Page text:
1

I'm using this rule to configure SNAT:

iptables -t nat -A POSTROUTING -o eth1 -j SNAT --to-source 193.49.142.107:4000

I want to specify a rule to filter out packets not destined to the internal address and port that initiated the session. Additionally, for receiving packets from a specific external endpoint, it is necessary for the internal endpoint to send packets first to that specific external endpoint's IP address.(NAT Address Dependent Filtering)

Example:

A machine with internal IP and port (X:x) which is behind the NAT opens a connexion to a server with IP Y. So with the rule I must be able to allow only connexion coming from IP address Y and destined to (X:x). All other connexion will be droped.

2
iptables -t nat -A POSTROUTING -o eth1 -j MASQUERADE
iptables -P FORWARD -j DROP
iptables -A FORWARD -o eth1 -m state --state NEW,ESTABLISHED -j ACCEPT
iptables -A FORWARD -i eth1 -m state --state ESTABLISHED -j ACCEPT

What do these rules do?

  1. -A POSTROUTING -o eth1 -j MASQUERADE hides your internal IP's as packets leave your network
  2. -P FORWARD -j DROP sets the default policy for your FORWARD chain to DROP
  3. -A FORWARD -o eth1 -m state --state NEW,ESTABLISHED -j ACCEPT allows new and established FORWARDed connections out
  4. -A FORWARD -i eth1 -m state --state ESTABLISHED -j ACCEPT allows only established FORWARDed connections in

The rules above are assuming that you're using this box as a gateway/firewall with eth1 connected to your WAN and eth0 connected to your LAN.

Additional Reading: Postrouting and IP Masquerading

EDIT

To configure "conditional" port forwarding:

By source port

iptables -A PREROUTING -t nat -i eth1 -p tcp --sport [trusted_source_port] --dport [external_port] -j DNAT --to [internal_ip]:[internal_port]
iptables -A FORWARD -p tcp -d [internal_ip] --dport [internal_port] -j ACCEPT

By source IP

iptables -A PREROUTING -t nat -i eth1 -p tcp -s [trusted_source_ip] --dport [external_port] -j DNAT --to [internal_ip]:[internal_port]
iptables -A FORWARD -p tcp -d [internal_ip] --dport [internal_port] -j ACCEPT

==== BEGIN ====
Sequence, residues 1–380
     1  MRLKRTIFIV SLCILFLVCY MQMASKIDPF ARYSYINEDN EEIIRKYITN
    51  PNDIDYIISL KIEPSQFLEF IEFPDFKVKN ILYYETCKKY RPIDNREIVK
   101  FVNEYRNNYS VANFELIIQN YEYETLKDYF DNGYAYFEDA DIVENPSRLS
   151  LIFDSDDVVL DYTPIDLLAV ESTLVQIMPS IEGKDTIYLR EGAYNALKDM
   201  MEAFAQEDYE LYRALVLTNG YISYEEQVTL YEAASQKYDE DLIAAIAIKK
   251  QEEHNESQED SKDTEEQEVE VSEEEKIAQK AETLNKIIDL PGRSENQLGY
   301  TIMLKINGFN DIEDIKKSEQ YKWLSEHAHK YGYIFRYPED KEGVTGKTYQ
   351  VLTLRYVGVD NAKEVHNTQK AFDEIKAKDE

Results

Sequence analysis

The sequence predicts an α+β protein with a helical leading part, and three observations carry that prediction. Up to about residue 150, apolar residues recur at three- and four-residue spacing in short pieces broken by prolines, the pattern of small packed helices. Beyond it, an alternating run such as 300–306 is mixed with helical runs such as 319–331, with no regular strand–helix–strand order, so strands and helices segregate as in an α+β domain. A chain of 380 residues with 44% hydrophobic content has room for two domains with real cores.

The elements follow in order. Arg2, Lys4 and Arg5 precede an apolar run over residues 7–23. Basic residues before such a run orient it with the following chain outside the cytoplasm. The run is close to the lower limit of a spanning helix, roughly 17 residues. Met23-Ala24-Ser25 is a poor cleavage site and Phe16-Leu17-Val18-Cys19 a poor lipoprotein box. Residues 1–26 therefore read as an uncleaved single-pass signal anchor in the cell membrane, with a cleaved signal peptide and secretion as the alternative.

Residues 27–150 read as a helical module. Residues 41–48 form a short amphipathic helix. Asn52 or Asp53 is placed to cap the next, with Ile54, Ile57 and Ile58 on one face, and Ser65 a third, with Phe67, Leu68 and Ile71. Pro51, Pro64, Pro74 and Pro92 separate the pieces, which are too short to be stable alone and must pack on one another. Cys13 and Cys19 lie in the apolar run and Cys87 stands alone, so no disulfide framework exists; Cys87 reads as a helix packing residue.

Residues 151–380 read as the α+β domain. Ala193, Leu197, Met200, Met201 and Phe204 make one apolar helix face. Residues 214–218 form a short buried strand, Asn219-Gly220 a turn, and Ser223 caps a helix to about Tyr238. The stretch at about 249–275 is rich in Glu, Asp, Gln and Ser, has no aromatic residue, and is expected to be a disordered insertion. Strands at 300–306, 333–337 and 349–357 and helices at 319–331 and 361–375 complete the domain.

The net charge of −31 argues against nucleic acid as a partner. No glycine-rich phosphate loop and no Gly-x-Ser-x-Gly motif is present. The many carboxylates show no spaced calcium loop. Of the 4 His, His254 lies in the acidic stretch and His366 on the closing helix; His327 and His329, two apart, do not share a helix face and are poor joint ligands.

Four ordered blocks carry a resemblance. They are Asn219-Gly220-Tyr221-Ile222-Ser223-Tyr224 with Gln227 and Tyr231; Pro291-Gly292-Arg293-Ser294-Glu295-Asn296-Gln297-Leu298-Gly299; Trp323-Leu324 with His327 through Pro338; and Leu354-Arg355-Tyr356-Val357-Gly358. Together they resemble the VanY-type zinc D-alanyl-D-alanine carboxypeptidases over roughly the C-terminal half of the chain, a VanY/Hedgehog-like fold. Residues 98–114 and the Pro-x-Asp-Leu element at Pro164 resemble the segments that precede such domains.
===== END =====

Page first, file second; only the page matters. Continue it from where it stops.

7
  • Thanks for your reply. I think, for a session established from (X:x) to (Y:y), these rules allow only packets comming from IP address and port (Y:y). Isn't there a way to allow packets even with a different port number. I mean, allow machine Y to open new sessions to internal machine X.
    – HaTiMuX
    Jun 18 '14 at 12:33
  • Have you tried this? The kernel maintains a list of all connections and it + TCP automagically manage IP/Port communication so you don't have to it manually. However, if you want to allow machine Y to establish new connections on internal machine X then you want to configure port forwarding. Is that correct?
    – Creek
    Jun 18 '14 at 12:51
  • It's rather Port Triggering. It's similar to port forwarding but with additional conditions. According to my last example only machine Y will be allowed to establish new connexions to the internal machine X. We can say that the condition here is that machine X establishes a connexion to the external machine that will be allowed. I hope I was clear.
    – HaTiMuX
    Jun 18 '14 at 13:17
  • I think the only way to do what I described is to get the IP destination Y for a session established from (X:x) to (Y:y) and then add this rule: #iptables -A PREROUTING -t nat -i eth0 -s IP –d X’ –dport x’ -j DNAT --to X:x with X' and x' the external IP and port affected by NAT. Then at the end of all sessions delete the defined rule. Now the problem is how to get the connection information.
    – HaTiMuX
    Jun 18 '14 at 14:35
  • See my answer's update
    – Creek
    Jun 18 '14 at 14:41

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